Bluetooth streaming performance is adequate rather than amazing. Pairing and re-pairing were both reasonably fast but not immediate, and the effective wireless distance is closer to the standard Bluetooth 33-foot limit rather than multiples of that. We were able to break the wireless signal by moving around 30 feet away from BRV-X while obstructing the iPhone 5s, or moving 50-60 feet without obstructions. Some other outdoor-ready Bluetooth systems we’ve tested can perform with obstructions at 60-100 feet, so BRV-X is best for use in small rooms or outdoors when you’re at a relatively close distance.
The biggest positive change to BRV-X is in the quantity and quality of sound the latter unit can put out. Given their size differences, it shouldn’t come as any surprise that BRV-X is substantially louder than BRV-1 — the new model’s peak volume is around twice as loud, and now enough to fill a small room without straining. A switch on the unit’s back toggles between “indoor” and “outdoor” modes, the former using all of the system’s drivers in a quality-optimized fashion, and the latter seemingly crippling the bass drivers to give the full-range drivers a little extra boost of vocal intelligibility/treble outside. The effect isn’t as profound as we might have guessed, and makes the sound so considerably flatter that you’ll never want to use it indoors; it’s not quite a gimmick, but doesn’t make as much of an improvement as we might have hoped.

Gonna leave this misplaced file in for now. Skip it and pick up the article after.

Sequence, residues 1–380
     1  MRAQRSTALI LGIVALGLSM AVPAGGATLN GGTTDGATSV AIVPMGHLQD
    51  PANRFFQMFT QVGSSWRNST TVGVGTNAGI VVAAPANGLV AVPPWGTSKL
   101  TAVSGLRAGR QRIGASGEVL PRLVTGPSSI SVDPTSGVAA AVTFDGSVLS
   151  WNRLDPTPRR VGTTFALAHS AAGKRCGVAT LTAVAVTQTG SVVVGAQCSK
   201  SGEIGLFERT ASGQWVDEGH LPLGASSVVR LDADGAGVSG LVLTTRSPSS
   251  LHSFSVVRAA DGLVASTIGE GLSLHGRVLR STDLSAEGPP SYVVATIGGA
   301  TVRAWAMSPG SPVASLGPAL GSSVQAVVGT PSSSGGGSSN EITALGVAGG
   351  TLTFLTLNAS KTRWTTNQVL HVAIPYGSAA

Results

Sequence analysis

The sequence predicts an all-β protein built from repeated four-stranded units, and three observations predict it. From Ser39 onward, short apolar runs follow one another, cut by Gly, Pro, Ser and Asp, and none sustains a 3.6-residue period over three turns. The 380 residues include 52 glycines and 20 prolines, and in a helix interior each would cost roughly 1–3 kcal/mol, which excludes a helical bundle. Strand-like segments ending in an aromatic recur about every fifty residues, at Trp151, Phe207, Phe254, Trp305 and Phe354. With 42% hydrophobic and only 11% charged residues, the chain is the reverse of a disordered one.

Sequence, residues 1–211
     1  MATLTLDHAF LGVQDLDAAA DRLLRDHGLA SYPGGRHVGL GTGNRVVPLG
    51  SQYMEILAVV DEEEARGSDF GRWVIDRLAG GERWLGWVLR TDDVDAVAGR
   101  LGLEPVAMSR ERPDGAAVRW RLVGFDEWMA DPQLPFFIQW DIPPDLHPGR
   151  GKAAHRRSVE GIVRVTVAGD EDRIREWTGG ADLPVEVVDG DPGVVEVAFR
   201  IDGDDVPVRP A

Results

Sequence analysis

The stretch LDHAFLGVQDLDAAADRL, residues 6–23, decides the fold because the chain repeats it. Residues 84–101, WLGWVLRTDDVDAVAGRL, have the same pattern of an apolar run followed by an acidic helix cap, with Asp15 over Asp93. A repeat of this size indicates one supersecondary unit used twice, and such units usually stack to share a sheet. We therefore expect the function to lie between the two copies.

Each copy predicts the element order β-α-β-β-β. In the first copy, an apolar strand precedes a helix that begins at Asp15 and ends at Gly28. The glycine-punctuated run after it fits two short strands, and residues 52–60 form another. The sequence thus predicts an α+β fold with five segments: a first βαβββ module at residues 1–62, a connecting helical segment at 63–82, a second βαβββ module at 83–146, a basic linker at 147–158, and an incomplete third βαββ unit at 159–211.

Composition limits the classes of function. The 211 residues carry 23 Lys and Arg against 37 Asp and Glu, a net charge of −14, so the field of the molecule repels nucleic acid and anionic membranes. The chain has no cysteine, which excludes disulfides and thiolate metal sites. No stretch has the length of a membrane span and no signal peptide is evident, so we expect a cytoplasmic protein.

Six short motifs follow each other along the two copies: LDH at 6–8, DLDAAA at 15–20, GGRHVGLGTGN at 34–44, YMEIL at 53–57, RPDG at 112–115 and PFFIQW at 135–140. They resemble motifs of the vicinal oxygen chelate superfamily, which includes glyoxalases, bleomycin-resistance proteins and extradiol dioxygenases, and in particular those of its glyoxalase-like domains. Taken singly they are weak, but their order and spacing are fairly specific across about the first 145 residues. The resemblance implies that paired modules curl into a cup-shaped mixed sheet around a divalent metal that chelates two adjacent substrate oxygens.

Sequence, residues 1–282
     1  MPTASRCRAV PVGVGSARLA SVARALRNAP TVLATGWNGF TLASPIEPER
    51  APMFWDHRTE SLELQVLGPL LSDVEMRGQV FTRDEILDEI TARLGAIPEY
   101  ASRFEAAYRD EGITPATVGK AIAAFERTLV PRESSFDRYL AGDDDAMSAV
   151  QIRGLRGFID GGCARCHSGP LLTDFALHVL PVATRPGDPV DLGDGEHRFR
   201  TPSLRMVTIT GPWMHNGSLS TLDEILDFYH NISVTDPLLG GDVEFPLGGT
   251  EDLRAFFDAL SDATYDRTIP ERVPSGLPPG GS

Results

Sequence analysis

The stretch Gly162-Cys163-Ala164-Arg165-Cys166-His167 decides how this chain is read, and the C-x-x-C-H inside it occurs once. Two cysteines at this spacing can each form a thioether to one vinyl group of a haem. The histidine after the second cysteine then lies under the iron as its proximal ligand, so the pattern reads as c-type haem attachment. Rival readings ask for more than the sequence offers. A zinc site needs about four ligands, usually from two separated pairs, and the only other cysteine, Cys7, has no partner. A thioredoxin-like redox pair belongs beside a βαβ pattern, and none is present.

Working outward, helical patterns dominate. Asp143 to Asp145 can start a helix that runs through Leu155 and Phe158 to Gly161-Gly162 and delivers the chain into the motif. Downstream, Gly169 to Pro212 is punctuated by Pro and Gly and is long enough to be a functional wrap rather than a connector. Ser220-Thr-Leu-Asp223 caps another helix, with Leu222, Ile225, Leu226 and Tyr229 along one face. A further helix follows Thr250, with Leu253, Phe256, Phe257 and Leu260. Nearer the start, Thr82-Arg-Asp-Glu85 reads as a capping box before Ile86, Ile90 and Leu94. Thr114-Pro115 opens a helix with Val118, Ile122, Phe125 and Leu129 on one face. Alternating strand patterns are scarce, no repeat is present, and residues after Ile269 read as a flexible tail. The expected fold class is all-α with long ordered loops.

Sonic quality has also jumped markedly from BRV-1 to BRV-X. While the former system was far from Braven’s best in terms of frequency response — the unit was midrange- and mid-bass-focused, without strong highs or lows — BRV-X achieves a much better balance, performing with enough sparkle and richness to make songs sound really nice. The bass has been bumped up enough that you can feel it in all directions, thanks to a bottom ventilation grate that’s stabilized with the rubber feet, and there’s no evident distortion at any volume level. Tracks also benefit from enough treble that you won’t feel like you’re missing out on the highs in your favorite songs, and unlike Braven’s 850, the audio doesn’t flatten as the volume goes up. It sounds quite good at every amplitude, so long as you keep it in “indoor” mode. That said, the larger and more expensive 850 is capable of somewhat louder and somewhat bassier sound, though we wouldn’t necessarily prefer its balance over BRV-X’s.
Overall, BRV-X is a winner for Braven, and one of the best speakers the company has ever released. Handsome, sonically powerful, and well-equipped with useful accessories, it delivers a very good indoor listening experience while offering the sort of resilience and versatility users of outdoor speakers will appreciate. For these reasons, it merits our strong general recommendation and B+ rating. The price tag isn’t cheap, but it’s not as high as it might have been, either, a sign that Incipio is going to help Braven focus on delivering superior value going forward — something that we can certainly appreciate. We’ve said it before, but even moreso than in the past, we’re really looking forward to seeing what comes next for these companies, as BRV-X demonstrates that they’re on the right track together.